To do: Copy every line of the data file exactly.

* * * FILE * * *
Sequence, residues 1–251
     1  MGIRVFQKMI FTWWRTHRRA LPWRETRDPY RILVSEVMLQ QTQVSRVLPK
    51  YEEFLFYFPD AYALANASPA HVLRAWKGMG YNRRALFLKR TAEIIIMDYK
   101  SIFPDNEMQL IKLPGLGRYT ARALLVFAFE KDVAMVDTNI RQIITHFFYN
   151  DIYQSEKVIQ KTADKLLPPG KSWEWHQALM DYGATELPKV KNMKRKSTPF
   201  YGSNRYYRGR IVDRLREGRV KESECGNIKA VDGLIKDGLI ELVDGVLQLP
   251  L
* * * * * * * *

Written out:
Sequence, residues 1–251
     1  MGIRVFQKMI FTWWRTHRRA LPWRETRDPY RILVSEVMLQ QTQVSRVLPK
    51  YEEFLFYFPD AYALANASPA HVLRAWKGMG YNRRALFLKR TAEIIIMDYK
   101  SIFPDNEMQL IKLPGLGRYT ARALLVFAFE KDVAMVDTNI RQIITHFFYN
   151  DIYQSEKVIQ KTADKLLPPG KSWEWHQALM DYGATELPKV KNMKRKSTPF
   201  YGSNRYYRGR IVDRLREGRV KESECGNIKA VDGLIKDGLI ELVDGVLQLP
   251  L